Marcus exhaled. "Come on, that's ridiculous."
"Is it? Sounds mighty accurate to me."
"We've all done something wrong. It would be insane for me to hold grudges over everything."
"Yet you do." Thordal folded his arms on the table. "Well, perhaps not everything, but if someone ever does anything big and wrong and stupid, you don't give them a chance. You hold it against them forever. Does the concept of repentance mean anything to you at all?"
Marcus' face twisted. If Thordal hadn't known better, he would have thought that for a second he'd chewed his lip. "Leopards don't change their spots, Thordal."
"Boy, you and I both know that's not true."
"It has to be. Because, if it's not -" Marcus closed his eyes, clenching his hand into a fist. "It works both ways."
Thordal took a swig of mead, studying the eddies in the yellow liquid as it settled. "So," he murmured. "You hold the world to an unchanging black and white morality, not allowing black to fade, because you're scared that white will be tarnished?"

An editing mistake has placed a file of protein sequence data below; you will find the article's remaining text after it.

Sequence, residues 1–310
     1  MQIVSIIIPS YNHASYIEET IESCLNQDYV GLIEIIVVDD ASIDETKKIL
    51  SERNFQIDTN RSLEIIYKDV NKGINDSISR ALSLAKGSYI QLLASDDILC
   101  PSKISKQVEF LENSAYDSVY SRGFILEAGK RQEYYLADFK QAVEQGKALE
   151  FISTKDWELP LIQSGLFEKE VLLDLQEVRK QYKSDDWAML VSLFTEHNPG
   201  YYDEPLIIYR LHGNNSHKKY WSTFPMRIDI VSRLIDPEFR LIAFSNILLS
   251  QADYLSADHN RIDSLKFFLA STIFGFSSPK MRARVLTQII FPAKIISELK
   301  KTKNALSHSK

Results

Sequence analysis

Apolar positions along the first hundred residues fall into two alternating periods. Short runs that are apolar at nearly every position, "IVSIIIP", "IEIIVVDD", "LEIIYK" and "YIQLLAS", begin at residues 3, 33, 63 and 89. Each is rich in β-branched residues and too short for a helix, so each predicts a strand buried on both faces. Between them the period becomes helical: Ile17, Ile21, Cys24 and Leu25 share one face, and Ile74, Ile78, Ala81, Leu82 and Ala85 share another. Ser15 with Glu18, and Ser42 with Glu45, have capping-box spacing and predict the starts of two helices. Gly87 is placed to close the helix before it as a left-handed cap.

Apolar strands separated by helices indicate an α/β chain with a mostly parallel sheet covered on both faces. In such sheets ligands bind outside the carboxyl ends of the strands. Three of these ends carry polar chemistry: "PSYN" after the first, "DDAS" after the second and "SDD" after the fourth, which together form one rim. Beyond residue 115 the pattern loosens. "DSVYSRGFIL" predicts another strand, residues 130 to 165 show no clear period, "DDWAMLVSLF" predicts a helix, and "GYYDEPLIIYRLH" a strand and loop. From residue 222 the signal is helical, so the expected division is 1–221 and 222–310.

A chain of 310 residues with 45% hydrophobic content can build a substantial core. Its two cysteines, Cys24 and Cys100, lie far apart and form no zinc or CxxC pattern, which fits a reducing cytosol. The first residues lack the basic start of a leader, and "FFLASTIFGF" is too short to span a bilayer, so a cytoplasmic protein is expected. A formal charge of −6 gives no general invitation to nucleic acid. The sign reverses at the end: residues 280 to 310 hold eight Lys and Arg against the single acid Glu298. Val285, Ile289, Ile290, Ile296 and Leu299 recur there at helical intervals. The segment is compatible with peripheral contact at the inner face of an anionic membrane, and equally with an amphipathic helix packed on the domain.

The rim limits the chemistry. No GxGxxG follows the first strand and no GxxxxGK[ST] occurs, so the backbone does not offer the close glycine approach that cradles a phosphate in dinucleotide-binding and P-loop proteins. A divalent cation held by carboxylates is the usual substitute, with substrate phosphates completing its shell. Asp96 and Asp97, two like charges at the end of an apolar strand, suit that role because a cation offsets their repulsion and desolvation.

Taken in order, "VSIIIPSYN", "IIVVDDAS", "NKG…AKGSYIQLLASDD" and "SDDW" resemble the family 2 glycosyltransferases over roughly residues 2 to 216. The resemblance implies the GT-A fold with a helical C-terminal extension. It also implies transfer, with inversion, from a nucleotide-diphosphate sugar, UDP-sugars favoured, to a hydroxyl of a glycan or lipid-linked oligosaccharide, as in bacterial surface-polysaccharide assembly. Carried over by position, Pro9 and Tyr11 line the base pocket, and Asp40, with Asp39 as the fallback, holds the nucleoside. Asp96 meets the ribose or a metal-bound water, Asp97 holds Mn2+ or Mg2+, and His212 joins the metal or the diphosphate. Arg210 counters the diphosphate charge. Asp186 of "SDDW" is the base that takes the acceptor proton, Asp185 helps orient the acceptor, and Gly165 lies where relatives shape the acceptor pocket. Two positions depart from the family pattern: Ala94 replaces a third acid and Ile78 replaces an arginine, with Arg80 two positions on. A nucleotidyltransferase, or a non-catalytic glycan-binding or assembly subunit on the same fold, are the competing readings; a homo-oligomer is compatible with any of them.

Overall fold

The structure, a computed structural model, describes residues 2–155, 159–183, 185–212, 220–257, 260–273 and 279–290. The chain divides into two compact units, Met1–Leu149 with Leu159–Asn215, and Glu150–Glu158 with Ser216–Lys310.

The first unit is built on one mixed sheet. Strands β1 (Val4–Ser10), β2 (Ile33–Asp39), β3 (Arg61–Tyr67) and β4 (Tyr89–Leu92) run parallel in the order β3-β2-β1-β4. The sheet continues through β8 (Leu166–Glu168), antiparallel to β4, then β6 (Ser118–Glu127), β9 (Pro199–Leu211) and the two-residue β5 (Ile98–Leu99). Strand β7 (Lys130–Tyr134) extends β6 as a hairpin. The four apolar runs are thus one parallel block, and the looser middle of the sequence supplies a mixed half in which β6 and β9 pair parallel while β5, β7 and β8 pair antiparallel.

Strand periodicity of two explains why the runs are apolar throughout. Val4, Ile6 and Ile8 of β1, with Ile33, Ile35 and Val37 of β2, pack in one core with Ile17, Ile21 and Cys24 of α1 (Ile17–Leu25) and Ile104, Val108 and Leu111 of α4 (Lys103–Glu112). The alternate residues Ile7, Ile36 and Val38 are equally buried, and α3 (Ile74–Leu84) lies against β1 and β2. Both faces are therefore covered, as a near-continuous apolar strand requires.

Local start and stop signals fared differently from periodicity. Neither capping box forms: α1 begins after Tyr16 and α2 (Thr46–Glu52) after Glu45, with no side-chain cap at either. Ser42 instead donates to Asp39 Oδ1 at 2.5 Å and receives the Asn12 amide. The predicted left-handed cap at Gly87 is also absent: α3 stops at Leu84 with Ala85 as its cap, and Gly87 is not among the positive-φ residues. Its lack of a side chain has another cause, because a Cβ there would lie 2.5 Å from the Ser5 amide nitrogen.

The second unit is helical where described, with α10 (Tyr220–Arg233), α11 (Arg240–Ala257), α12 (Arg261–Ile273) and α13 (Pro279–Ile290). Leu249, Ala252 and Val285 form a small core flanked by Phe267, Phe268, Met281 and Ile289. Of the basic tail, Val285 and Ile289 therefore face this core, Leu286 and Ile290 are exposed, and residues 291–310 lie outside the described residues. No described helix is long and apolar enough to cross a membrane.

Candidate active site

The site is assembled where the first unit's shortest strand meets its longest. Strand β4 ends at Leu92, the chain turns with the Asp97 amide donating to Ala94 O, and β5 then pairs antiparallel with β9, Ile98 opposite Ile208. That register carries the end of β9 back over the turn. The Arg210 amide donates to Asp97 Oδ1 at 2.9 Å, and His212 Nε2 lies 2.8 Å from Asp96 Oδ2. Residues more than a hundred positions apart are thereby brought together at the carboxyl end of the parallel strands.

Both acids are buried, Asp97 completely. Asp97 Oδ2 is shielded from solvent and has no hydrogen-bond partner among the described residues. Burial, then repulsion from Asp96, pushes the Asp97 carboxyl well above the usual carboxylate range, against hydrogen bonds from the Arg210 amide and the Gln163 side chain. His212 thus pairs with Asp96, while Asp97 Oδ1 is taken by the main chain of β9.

"Thordal, now's not really a good time to wax poetic."
"But I'm right, aren't I?" The Viking looked up. "You won't allow yourself to think someone could become good because it means that the reverse could happen."
Marcus' eyes drifted from Thordal's face, looking somewhere out over his shoulder. "Perhaps." His fingers drummed the table again, louder and firmer. "Go on, say it."
"That I'm horribly insecure and that I need to stop being an idealist and believing that perfect good is possible." He closed his eyes again. "And that I need to grow up."